We all know that is a lot harder to secure employment now than it was ten years ago. You have to sell yourself as the best possible candidate for a position when you’re up against a lot of other job seekers.
However, the bar is not always as high as you might imagine.
Here is one example:
I recently spoke with an employer who includes this when she posts a job opening:
“Send resume and cover letter to…”
This sentence allows her to eliminate about 80% of the candidates who apply.
Because more than 80% don’t bother to include a cover letter. This means that, if you are in that 80%, this employer doesn’t even consider you as an applicant; she doesn’t even look at the resume you did bother to send.
Then, with the remaining 20% of the applications, she skims the cover letter: does the candidate have good spelling, grammar, and punctuation? If so, then she will look at that application.
If the cover letter has basic errors in spelling, grammar, and punctuation, she throws away the application–along with all the resumes that didn’t even come with a cover letter.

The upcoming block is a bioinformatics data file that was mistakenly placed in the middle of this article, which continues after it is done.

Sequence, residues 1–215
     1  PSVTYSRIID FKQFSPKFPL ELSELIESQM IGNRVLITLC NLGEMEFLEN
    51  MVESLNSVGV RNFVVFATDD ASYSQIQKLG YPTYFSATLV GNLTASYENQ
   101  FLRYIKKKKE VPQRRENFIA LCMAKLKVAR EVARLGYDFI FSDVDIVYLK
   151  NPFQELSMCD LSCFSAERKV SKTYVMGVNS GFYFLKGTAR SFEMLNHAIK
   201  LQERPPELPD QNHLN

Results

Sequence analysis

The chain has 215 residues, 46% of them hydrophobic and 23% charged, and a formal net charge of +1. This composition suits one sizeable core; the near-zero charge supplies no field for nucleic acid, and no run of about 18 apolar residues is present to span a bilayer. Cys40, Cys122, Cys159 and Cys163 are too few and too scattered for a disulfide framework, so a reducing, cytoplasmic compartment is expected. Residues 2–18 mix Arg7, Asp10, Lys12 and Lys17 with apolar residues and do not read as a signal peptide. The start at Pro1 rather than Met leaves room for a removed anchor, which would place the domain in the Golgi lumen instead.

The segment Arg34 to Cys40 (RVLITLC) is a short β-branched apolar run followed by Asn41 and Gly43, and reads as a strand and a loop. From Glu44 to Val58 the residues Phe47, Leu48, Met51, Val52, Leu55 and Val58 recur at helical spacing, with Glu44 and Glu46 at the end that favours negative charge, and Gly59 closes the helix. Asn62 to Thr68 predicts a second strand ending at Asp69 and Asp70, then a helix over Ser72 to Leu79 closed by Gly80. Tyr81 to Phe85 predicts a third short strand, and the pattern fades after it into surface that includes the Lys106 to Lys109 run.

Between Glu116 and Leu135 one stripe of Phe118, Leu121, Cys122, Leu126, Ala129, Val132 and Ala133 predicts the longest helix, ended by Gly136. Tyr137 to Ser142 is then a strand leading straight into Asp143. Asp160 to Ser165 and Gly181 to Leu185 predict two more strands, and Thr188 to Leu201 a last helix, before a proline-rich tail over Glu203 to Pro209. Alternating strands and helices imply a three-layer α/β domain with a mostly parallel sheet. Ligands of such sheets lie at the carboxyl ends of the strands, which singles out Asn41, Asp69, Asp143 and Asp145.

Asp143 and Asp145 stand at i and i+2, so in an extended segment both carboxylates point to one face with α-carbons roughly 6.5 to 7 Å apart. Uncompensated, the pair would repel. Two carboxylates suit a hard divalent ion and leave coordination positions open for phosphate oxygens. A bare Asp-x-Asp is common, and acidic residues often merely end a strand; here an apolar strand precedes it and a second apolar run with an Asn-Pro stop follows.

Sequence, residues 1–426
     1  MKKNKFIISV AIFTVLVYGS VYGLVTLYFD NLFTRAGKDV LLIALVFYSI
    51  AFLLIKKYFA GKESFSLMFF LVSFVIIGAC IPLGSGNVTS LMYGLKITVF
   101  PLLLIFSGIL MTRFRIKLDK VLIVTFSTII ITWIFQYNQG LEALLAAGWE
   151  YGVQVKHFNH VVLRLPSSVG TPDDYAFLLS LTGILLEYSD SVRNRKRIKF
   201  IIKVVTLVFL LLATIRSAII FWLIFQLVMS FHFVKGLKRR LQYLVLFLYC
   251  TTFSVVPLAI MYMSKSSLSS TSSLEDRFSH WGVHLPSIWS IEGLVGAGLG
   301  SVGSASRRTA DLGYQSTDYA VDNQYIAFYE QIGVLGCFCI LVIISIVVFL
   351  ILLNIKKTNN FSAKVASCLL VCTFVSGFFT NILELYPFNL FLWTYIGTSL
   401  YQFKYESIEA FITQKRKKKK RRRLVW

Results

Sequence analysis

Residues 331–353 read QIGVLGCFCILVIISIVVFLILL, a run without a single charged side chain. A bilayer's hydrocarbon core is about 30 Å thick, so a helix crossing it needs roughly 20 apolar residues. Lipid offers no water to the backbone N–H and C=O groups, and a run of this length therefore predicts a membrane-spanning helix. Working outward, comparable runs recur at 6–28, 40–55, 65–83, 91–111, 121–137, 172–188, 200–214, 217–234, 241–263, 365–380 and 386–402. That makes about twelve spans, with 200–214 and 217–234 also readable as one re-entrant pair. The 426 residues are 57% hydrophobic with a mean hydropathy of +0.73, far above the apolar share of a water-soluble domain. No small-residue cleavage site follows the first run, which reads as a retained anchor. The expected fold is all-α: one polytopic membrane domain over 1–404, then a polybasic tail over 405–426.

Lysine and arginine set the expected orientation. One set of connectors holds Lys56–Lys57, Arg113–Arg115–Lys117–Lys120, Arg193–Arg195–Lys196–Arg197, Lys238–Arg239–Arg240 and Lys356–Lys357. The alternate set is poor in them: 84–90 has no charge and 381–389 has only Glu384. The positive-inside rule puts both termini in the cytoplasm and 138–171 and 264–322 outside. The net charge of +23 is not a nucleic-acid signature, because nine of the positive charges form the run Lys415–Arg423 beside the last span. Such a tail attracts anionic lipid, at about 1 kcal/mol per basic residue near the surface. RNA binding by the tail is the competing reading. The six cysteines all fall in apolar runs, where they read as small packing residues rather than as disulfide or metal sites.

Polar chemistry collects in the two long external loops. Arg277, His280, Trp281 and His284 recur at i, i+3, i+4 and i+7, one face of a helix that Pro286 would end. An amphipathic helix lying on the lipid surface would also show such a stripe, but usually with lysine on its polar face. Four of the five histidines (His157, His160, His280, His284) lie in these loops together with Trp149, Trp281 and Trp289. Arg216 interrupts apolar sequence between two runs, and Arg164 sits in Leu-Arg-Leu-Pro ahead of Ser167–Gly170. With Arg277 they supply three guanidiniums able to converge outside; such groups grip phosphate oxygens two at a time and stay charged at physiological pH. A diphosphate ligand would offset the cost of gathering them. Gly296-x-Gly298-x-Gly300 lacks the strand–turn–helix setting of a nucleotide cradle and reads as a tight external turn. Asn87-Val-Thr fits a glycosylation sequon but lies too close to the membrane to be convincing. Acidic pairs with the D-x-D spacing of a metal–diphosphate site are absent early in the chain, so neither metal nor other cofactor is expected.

In this case, you wouldn’t have to do a lot to be a competitive candidate–you have to write a letter and proofread it!
Even if you have an error-free letter, there is still important content that you have to include to be the candidate who gets a job offer; more than one person can meet the low bar described here.
But please make sure you are indeed meeting the low bar described here in all of your applications. For more on how to customize your documents, see posts here, here and here. Or contact me for one-on-one support: firstname.lastname@example.org
Darcy Lear is a career coach specializing in academic writing, job search documents, professional school applications, and interview preparation. For one-on-one support in preparing for your job search or to set up a campus workshop, contact Darcy: email@example.com